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A Family’s Journey with Osteogenesis Imperfecta

Commonly referred to as “brittle bone disease," osteogenesis imperfecta (OI) is a rare genetic disorder that affects the bones, causing them to break easily and possibly causing deformities.

Shriners Children’s is on the leading edge of osteogenesis imperfecta research and is actively working towards innovative treatment options to help children with OI. In the case of one family, OI is a part of their history that spans four generations. It also includes decades of care and treatment at Shriners Children’s Spokane.

June – One of the First Shriners Children’s Spokane Patients with OI

June, the matriarch of the family, was one of the first patients with OI at Shriners Children’s Spokane. Born in 1924, doctors did not diagnose June with OI until she was close to her teenage years. Initially, she was only considered to be of short stature. However, family members became concerned when she started to fracture her bones around the age of 10, which eventually led to her diagnosis. Despite living with OI, family members say she lived a long life and would have turned 99 in 2023.

Wanda – Multiple Surgeries from a Young Age

Doctors were able to diagnose June’s daughter, Wanda, with OI before she was born. She underwent multiple surgeries at Shriners Children’s Spokane from a young age and was no stranger to the hospital. Born in 1955, she spent a significant amount of her childhood in the inpatient unit. She recalled her siblings lining up outside of her hospital window to wave to her while she recovered. Despite the challenges she faced, Wanda persevered and had a daughter of her own, Chandra."

OI patients are in the hands of the best doctors!
Chandra – Spokane

Chandra – Trailblazing Bone Marrow Donation

Like her mother, Chandra spent a significant amount of time, sometimes years, undergoing treatment for OI at the hospital. She was a patient at the former Shriners Children’s hospital location, also in Spokane, and was one of the first patients at the present-day hospital. During that time, she developed a deep connection with her healthcare team. “The staff was like family to me,” she remarked.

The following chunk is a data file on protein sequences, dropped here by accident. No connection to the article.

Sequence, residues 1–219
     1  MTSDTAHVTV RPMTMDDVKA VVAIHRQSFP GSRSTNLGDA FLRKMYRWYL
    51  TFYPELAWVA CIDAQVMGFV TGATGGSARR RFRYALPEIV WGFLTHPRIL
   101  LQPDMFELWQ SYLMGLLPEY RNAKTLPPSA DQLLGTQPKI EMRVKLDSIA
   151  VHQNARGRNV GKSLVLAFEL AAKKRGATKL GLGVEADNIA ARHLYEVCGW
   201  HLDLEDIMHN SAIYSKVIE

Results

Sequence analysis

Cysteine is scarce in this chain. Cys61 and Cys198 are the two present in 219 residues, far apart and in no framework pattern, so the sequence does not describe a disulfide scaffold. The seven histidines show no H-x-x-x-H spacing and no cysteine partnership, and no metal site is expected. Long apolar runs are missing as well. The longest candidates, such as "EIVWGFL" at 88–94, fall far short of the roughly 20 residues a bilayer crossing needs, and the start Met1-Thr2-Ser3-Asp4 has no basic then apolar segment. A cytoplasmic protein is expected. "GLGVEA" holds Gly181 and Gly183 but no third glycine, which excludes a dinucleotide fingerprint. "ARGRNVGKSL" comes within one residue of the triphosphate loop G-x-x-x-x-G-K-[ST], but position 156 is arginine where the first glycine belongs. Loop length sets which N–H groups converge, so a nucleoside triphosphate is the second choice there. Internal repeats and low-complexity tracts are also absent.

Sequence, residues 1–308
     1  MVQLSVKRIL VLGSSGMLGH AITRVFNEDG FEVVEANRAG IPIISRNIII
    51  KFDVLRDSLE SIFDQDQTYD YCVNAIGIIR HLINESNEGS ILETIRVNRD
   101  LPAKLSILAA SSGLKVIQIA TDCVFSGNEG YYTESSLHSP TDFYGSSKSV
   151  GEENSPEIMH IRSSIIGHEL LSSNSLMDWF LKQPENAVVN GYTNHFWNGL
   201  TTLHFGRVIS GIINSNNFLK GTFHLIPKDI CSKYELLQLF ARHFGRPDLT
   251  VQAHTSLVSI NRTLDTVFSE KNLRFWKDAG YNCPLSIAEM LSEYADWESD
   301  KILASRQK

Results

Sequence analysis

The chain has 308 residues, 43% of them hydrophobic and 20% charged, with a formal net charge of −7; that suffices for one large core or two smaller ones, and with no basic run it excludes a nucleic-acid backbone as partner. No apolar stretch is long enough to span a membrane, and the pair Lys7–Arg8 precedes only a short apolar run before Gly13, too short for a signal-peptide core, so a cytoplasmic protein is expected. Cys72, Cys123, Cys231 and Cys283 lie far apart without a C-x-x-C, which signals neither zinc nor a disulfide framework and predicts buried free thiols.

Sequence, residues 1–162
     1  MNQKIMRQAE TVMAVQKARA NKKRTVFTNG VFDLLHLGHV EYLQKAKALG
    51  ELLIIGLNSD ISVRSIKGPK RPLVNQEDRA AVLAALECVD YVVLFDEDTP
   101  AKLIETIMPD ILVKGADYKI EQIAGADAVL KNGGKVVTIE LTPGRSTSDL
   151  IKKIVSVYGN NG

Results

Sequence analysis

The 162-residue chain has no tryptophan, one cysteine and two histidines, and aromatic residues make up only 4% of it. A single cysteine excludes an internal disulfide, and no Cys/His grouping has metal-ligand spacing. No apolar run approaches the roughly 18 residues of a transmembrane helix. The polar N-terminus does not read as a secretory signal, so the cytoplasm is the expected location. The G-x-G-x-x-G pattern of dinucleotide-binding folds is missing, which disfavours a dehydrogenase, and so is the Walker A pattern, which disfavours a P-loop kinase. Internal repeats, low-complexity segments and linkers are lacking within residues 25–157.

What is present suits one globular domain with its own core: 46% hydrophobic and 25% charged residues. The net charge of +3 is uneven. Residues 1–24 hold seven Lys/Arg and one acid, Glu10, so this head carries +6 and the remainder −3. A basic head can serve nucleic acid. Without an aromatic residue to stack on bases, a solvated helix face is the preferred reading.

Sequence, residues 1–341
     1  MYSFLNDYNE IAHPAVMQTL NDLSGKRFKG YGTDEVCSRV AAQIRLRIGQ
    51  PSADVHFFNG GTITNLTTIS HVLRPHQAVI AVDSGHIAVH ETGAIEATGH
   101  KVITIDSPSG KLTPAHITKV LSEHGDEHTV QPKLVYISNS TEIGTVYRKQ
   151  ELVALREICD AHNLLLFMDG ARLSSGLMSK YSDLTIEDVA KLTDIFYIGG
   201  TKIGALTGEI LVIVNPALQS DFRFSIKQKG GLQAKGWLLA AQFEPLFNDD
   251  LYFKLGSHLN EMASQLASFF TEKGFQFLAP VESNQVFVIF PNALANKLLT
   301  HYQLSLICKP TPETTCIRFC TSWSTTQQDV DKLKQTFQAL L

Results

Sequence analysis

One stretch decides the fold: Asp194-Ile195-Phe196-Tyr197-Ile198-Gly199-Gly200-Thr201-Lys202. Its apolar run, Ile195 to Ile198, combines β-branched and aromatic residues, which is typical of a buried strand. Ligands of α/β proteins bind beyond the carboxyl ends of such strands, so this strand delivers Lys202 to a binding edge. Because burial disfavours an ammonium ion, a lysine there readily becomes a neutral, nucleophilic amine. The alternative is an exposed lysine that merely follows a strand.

Chandra incurred more than 200 fractures in her early and teen years, and only began walking on her own at the age of 22.

Despite a challenging childhood with intense treatments, Chandra provided a gift that would later ease OI treatment for her future son and many other patients with OI. She donated her bone marrow to be used in a genetic study. The results contributed to the OI protocols and treatment now used all over the world, and are considered the standard of care.

As a mom, she feels proud to have played a part in the treatment of her son, Alex.

Alex – Fourth Generation Shriners Children’s Family

Alex is the fourth generation in his family to receive care from Shriner Children’s Spokane. Alex receives regular pamidronate infusions, derived from his mother’s bone marrow donation, to treat his OI.

“When Alex started walking between 1 and 2 years old, I was shocked,” said Chandra. “The fact he was able to walk, even run, and knowing I had a part to do with that, makes my heart happy.”

Without treatment, Alex's family believes he would be living at the hospital with hundreds of broken bones. “Shriners is amazing with him,” she added. “I love Shriners so much.”

Today, Alex is a thriving teenager with his sights set on college. He has dreams of learning to drive and becoming a sports broadcaster. Despite the challenges he faces, Alex is a happy and determined young man.

What Can Families Learn from Chandra and Alex's Story?

For families who are just starting their journey with OI, Chandra and Alex recommend advocating for your child and working closely with your healthcare providers.

The family has a deep appreciation for the care they received from Shriners Children’s Spokane. “Everyone at Shriners is friendly and caring, and they want what’s best for your kiddo,” said Chandra. “We love our Shriners family.”

Chandra believes the Shriners Children’s Spokane doctors are the best in their field and has nothing but praise for the hospital and its staff.

OI is a challenging condition, but with the right support, patients can thrive and live fulfilling lives.

Four Generations of OI: One Family's Multigenerational Journey with Osteogenesis Imperfecta

One family reflects on treatment and care at Shriners Children's Spokane.

spokane hospital

Opened in 1939, the four-ward Spokane Shriners Hospital was in operation until the present-day hospital was built in 1991.

four generations

Four generations of one family received OI treatment at Shriners Children's Spokane.

alex with his mother chandra

Alex with his mother, Chandra.

chandra on bed

Chandra lived at Shriners Children's Spokane for extended periods of time during her childhood.

chandra undergoing treatment

Chandra undergoes treatment at Shriners Children's Spokane.

chandra and alex

Chandra credits treatment at Shriners Children's Spokane for allowing her son, Alex, to live life to the fullest.

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